dCLK/CYC-mediated transcriptional activation in S2 cells was assayed using a per E-box reporter system developed by Darlington et al. (1998). We wanted to study the effect of nuclear TIM on dCLK/CYC activity, with and without PER. Using a luciferase reporter (E-box luc) to measure transcription levels, we cotransfected into S2 cells dCLK and one of the three inducible versions of tim (Fig. 2A): hs-tim, hs-timΔCLD, and hs-tim+NLS. The activation by dCLK alone (∼100- to 200-fold) was normalized to 100%. Both full-length and modified forms of TIM interact with PER to repress transcription at concentrations in which neither protein can repress alone, showing that the two modifications did not interfere with the ability of TIM to enable repression (Fig. 2B, left). A 10-fold increase of PER (which presumably enables PER to overcome cytoplasmic retention mechanisms) allows it to repress transcription without cotransfection of TIM. In contrast, when likewise increased 10-fold, none of the versions of TIM could repress transcription (Fig. 2B, right). Strangely, high concentrations of TIM caused a two- to threefold increase in the luciferase reporter signal. This could not be attributed to a general increase in transcription caused by the heat shock, because it also occurred when TIM was expressed at high levels via an actin promoter (data not shown). Also, the addition of 100 ng of PER at this higher concentration resulted in the expected repression equivalent to high concentrations of PER alone (data not shown). We propose several explanations for this unexpected effect of TIM in Discussion.
There are two possible explanations for lack of repression by TIM alone in our first transcription assay. The first is that TIM requires PER to exert a negative effect on transcription. A second possibility is that these TIMs are not nuclear, despite the modifications. To test this, we expressed the aforementioned modified TIM proteins in S2 cells and visualized the subcellular localization of TIM through immunofluorescence (Fig. 3A). Two hours after induction of TIM expression by heat shock, cells were scored for relative staining intensities in the nucleus and cytoplasm. TIM+NLS protein was visible in the nucleus 25% of the time (Fig. 3B). Of the cells expressing TIMΔCLD, 5% demonstrated nuclear staining, and there was a significant increase (30%) in the number of uniformly stained cells. In contrast, full-length TIM was almost entirely cytoplasmic. It was shown previously that TIMΔCLD is more nuclear when assayed 4 hr after induction (Saez and Young, 1996, their Fig. 3); however, similarly modified PER (CLD deleted) is nuclear after 2 hr (Saez and Young, 1996, their Fig. 2). We suggest that there is another mechanism differentially regulating the nuclear entry of TIM that is not necessarily acting through the CLD.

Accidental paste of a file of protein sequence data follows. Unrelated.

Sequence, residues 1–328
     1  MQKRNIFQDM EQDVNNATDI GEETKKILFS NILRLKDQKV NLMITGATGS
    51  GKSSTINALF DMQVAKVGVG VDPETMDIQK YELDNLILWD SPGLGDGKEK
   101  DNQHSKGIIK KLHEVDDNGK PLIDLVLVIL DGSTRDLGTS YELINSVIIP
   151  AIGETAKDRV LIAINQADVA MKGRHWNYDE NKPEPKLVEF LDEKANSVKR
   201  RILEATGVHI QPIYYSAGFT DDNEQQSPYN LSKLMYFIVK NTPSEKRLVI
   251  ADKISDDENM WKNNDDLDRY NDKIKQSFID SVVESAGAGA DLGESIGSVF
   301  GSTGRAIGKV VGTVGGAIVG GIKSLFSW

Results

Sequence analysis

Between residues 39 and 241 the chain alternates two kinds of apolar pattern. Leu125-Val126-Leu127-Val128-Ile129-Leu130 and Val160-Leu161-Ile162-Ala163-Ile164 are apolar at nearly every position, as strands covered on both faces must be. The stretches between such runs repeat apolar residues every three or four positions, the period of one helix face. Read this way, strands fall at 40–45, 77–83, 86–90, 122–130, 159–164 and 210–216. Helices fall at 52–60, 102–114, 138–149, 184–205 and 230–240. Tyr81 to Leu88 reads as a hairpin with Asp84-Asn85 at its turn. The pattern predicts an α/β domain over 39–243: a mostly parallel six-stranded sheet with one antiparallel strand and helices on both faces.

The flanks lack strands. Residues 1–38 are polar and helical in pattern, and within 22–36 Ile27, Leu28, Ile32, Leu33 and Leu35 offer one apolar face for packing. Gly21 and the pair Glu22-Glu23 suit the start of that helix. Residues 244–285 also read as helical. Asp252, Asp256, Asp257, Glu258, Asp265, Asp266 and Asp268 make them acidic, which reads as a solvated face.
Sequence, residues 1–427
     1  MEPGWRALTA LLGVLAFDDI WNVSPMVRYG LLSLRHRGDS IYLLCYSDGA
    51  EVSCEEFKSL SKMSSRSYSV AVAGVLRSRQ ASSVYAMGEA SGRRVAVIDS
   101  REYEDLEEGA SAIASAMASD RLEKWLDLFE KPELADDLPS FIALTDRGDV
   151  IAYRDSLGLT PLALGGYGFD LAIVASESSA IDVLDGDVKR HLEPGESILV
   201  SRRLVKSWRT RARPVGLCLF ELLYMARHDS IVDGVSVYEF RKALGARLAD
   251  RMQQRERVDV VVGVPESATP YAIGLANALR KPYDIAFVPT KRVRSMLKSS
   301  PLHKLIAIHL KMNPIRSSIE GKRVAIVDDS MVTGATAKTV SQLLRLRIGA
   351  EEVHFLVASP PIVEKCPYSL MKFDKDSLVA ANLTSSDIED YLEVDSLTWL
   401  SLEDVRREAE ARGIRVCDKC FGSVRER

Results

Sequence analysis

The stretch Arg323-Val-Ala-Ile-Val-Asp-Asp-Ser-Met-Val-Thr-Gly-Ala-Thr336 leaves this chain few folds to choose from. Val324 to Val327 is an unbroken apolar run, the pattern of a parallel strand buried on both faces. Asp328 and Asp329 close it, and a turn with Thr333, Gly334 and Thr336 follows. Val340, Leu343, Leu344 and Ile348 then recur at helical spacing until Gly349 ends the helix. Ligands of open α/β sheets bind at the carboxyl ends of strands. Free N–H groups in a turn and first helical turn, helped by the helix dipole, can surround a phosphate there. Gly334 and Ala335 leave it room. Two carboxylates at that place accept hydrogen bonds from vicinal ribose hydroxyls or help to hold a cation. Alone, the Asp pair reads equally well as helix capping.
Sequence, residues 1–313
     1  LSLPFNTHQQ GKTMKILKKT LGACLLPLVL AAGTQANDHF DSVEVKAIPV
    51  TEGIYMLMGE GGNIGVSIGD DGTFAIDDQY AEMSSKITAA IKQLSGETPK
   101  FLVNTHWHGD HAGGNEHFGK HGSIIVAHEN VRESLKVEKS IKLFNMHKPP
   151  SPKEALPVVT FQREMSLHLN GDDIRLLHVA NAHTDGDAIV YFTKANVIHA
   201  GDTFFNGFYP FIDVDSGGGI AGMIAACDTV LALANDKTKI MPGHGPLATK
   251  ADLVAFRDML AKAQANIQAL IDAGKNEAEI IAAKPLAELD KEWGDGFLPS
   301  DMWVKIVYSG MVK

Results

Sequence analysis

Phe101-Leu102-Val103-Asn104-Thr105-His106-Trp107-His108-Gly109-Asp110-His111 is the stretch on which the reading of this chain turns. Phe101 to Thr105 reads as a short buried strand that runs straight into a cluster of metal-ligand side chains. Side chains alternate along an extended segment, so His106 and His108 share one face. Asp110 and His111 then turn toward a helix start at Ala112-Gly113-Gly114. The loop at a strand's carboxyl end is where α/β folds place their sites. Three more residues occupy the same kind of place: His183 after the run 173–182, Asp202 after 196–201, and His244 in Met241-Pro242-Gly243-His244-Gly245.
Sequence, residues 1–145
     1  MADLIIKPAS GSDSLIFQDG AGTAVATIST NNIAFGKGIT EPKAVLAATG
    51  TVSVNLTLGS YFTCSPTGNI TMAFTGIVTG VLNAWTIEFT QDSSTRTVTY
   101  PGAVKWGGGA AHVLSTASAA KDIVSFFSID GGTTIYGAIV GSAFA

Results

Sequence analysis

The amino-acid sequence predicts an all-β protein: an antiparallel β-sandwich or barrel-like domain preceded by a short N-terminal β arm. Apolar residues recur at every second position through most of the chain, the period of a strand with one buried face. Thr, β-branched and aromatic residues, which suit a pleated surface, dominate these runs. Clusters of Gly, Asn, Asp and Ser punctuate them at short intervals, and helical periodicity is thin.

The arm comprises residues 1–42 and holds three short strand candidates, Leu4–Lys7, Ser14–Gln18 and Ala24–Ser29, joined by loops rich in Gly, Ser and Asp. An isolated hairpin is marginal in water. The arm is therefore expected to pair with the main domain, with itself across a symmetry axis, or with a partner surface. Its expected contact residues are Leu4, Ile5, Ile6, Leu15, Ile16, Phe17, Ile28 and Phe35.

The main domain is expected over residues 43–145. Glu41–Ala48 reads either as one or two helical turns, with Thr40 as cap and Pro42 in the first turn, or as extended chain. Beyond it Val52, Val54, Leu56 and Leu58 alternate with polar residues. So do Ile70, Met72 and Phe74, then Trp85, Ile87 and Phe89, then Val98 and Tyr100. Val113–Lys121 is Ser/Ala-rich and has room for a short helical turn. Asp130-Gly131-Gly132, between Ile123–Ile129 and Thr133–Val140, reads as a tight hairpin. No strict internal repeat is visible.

Subcellular localization of TIM is regulated in part by active nuclear export